Where is it made? Tequila is made in and around its namesake town in the state of Jalisco.
Will any old agave plant do? Nope. According to Mexican law, in order to be certified as the real deal, tequila must be made from blue agaves grown in one of five states: Guanajuato, Jalisco, Michoacán, Nayarit, or Tamaulipas.
How can I recognize a better-than-average tequila? Mexican law requires all tequilas be at least 51 percent agave, but top-drawer tequilas are made with 100 percent agave.
What are the different types? Officially there are five types of tequila: blanco (also known as plata or silver), joven (or gold), reposado, añejo, and extra añejo. The designations refer to the length of the aging process. Blancos are the youngest, while an extra añejo is aged for at least three years in an oak container.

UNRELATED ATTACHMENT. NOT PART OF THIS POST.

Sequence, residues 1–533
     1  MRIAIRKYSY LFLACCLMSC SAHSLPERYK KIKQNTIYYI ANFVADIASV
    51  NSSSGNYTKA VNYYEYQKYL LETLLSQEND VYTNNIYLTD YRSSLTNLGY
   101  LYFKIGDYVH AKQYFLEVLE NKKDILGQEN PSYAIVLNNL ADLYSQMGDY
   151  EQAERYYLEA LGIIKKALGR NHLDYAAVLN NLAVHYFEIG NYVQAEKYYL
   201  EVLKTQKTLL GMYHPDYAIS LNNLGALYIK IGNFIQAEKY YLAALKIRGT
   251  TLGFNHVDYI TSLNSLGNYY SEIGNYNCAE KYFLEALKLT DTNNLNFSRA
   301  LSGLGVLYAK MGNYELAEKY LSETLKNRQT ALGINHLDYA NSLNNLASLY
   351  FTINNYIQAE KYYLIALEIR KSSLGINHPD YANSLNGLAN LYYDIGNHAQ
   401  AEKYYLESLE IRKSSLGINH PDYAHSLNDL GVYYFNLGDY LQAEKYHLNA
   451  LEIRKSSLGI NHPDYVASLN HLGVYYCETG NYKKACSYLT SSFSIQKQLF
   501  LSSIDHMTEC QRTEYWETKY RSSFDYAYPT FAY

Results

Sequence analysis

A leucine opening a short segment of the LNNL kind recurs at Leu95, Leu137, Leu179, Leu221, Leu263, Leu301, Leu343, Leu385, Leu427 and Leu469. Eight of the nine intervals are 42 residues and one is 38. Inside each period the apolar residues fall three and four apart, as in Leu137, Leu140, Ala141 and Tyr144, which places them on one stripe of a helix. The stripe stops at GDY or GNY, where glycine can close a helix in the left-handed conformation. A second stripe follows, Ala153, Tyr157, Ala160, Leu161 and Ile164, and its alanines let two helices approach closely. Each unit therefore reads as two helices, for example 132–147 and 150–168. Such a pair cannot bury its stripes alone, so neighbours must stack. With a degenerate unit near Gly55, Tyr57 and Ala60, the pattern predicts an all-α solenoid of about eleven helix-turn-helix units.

Who came up with it? Ingenious Aztecs would make fermented drinks from the sap of agave plants, and the Spaniards became big fans once they were introduced to it—so much so that they began distilling their own. Production of tequila as we know it became began in the 16th century.
Is tequila the same thing as mezcal? Yes and no. While tequila must be produced from blue agaves, there are several types of agaves that can be used to make mezcal.
When did tequila come to the United States? José Cuervo was the first to ship the spirit to the States, sending three barrels to El Paso, Texas, in 1873.
Should I eat the worm? What worm? Despite what you may think—or have seen in movies—there is no worm in tequilas. Those creeping creatures are banished to mezcals.